Few seem to realize that one of John Calvin’s major disputes during his time in Geneva was his advocacy of celebrating the Lord’s Supper every Sunday. He was adamant, but the consistory—and the city council, who governed church-related matters—wouldn’t agree. Calvin was even thrown out of Geneva for a time—he went to Strasbourg, France—but he came back. He continued to advocate for communion every Sunday but was still resisted.
Articles in this issue:
Each Sunday, more than a thousand people of varied ethnicities and languages come from all over metro Manila, the Philippines, to worship in the presence of God’s people at the Union Church of Manila. They come from a range of economic and social backgrounds, but each Sunday morning and during the week they unite to share what they have in common and to participate in the work of God in the Philippines.
For some time, I’ve thought about how to portray music visually. How does one art form honor another? What could be done in our spaces to reflect the prominent position that music has in our worship?
What first comes to mind, of course, are clichés: a huge banner featuring a loopy treble clef. Flocks of brightly colored eighth and sixteenth notes soaring off into the sky. That sort of thing. Nothing wrong with these, mind you (you may have one of these hanging in your church this very moment!), but I was looking for something a little more dramatic.
The following litany was used for the installation of Rev. Robert Drenten as Minister of the Word at Immanuel Christian Reformed Church in Orange City, Iowa. The litany includes several prayers, after which members of the congregation came forward and placed gifts symbolizing the prayers in a clear plastic tub. We encourage you to adapt the symbols and litany to reflect your own context.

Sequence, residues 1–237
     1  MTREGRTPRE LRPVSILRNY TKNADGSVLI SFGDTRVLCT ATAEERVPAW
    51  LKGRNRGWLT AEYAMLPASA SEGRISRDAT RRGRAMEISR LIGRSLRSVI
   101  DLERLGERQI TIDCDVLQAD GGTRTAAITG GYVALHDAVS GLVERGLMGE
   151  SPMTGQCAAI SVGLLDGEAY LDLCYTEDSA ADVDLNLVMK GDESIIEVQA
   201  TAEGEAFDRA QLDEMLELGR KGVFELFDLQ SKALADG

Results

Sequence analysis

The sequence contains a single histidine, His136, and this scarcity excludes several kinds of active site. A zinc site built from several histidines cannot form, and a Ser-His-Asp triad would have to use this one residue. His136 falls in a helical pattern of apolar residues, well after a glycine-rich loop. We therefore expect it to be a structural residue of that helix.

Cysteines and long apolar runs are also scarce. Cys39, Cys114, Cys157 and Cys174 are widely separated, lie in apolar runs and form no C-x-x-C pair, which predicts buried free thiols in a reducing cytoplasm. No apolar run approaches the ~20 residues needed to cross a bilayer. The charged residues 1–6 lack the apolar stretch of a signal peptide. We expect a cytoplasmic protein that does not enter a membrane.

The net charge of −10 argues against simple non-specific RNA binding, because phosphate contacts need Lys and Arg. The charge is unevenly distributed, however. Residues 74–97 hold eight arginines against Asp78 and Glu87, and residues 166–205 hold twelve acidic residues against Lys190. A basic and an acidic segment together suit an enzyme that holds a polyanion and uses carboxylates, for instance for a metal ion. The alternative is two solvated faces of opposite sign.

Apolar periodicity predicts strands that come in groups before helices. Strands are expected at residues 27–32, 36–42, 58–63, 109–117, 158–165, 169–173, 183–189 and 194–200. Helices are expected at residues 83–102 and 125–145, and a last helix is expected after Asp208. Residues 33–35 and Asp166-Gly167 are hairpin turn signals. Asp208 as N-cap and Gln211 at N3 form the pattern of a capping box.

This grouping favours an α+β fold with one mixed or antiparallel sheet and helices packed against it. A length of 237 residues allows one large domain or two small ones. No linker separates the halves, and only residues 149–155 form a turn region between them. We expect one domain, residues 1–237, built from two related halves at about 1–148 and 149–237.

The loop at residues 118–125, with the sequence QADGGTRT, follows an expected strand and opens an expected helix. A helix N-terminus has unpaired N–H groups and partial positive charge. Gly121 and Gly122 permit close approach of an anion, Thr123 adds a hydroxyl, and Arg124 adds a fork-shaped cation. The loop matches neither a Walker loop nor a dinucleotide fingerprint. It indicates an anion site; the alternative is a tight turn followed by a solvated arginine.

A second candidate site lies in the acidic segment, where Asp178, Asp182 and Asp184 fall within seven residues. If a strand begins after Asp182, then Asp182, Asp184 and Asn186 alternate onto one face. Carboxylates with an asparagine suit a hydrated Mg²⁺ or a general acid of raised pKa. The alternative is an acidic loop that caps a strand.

Q: If a call to worship is really about hearing God call us, then what about using as a call to worship one of the many psalms that originated in a liturgical setting where people were calling each other to worship? Who is speaking to whom? Must the call to worship come from Scripture? Does it necessarily have to be short or can a choir sing an anthem for the call to worship?
I have been leading worship at my church for about a year and a half. My partners are a talented praise band that includes a number of professional musicians. I am learning how to respond when people tell me they liked the music, and I usually take the opportunity to express my appreciation for the others who make my amateur fiddling and singing seem better than it is. But one Sunday morning, a remark from a member of my congregation really started me thinking.
Choosing the right choral music has got to be the single most challenging task I have faced in the 35 years I have directed church choirs. I dread the idea of buying sixty copies of something that will not work well in the service; and I don’t want to spend even twenty minutes rehearsing an anthem that will not be edifying for the body of believers.
I remember my very first attack of goosebumps. I was thirteen, maybe, one raspy voice in a middle-school choir festival a half century ago in a small town in Wisconsin, dozens of kids drawn from regional schools. The music that did it was J. S. Bach—“Jesu, Joy of Man’s Desiring.” For almost fifty years I’ve not been able to hear that piece without being zapped back into that pimply choir because I was seized so chillingly—heart, soul, mind, and strength—by the beauty of that moment.
It occurred to me the other day that lining up my rather small CD collection in order of purchase date could provide an interesting study about my life.